Pulled muscles and sore joints are common complaints after strenuous physical activity, but research suggests the pains we feel at the end of the day are the result of what we don’t do
The average person sits for up to 10 hours a day between his or her commute, work, and nightly screen time.
Researchers at the Baker IDI Heart and Diabetes Institute say that prolonged sitting is a unique occupational health issue with adverse effects such as weight gain, Type 2 diabetes and heart disease. Sitting slows the metabolism, affecting the body’s ability to regulate blood pressure and sugar, and break down fat.
Workspaces were often designed to increase productivity by keeping workers seated at desks. Today, with more emphasis on employee well-being, organizations are introducing standing desks, fitness-ball chairs and other ergonomic furnishings. While these changes can provide some benefits, they may not be enough.
“It’s about breaking up prolonged sitting,” suggests Dr. Maureen Ashe, Associate Professor of Family Practice at the University of British Columbia.
Research with a focus on bone health and preventative measures, suggests Ashe, who studies bone health in the aging population, will help to better understand the contributing factors of sedentary activity in relation to hip fractures and prolonged recovery times later on in life.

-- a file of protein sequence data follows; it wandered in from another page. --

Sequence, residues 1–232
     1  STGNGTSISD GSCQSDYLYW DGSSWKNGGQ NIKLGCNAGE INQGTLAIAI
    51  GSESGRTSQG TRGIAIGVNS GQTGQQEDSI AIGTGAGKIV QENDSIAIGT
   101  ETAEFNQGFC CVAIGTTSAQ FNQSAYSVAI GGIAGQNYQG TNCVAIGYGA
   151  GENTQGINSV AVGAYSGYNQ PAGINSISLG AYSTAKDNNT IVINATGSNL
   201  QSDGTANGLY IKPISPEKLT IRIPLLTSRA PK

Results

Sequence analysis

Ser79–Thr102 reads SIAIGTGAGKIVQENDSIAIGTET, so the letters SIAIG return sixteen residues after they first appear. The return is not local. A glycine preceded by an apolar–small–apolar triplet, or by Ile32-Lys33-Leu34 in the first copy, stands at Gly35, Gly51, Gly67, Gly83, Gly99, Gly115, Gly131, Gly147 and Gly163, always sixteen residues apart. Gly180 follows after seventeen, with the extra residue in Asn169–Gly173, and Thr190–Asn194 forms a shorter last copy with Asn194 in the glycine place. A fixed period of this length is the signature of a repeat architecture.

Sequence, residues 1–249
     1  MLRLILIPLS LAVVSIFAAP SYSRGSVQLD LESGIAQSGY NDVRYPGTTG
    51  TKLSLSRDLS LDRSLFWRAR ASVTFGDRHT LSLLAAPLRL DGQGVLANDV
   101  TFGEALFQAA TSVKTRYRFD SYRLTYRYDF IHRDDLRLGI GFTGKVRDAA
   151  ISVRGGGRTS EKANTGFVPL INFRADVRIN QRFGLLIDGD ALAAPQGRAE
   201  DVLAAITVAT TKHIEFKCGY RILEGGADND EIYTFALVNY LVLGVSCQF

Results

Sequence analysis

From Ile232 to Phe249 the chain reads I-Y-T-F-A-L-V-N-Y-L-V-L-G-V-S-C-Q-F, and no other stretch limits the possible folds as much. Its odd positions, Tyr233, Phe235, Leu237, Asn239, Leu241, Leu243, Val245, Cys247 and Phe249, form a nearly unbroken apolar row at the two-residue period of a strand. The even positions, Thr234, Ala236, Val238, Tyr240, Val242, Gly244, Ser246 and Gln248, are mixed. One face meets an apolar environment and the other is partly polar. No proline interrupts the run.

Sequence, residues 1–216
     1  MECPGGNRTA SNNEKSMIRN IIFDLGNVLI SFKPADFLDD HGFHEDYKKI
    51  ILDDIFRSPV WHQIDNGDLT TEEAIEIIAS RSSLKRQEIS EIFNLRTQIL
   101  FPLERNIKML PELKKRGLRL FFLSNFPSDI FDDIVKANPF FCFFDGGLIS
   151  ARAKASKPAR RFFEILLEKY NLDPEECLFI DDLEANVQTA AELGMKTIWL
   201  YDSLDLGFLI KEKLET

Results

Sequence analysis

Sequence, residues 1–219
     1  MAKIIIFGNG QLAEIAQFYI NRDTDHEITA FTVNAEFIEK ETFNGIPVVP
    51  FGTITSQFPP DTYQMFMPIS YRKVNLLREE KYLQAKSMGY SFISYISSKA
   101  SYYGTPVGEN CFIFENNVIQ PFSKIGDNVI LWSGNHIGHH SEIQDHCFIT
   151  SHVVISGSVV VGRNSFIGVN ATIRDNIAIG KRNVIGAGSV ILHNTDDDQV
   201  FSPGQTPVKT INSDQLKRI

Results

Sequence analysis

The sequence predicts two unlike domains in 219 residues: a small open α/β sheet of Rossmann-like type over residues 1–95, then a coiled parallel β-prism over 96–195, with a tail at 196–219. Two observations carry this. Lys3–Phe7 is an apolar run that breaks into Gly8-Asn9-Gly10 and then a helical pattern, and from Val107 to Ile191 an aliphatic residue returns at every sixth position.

If your workspace doesn’t allow much opportunity for movement, Ashe, who is also a physiotherapist and researcher at Vancouver’s Centre for Hip Health and Mobility, gives these tips:
- Send fewer internal emails and instead go see your colleagues.
- Take your phone calls standing up.
- Send a print job to a printer further from your desk.
- Use a washroom on a different floor and take the stairs.
- Consider standing meetings: they get more people out of their chairs and lead to shorter meetings!
- Set reminders on your phone or computer to alert you to get up and stretch.
- Wear a step-counter or fitness tracker to keep track and maintain levels of activity.
- If taking transit, get off before your regular stop and walk.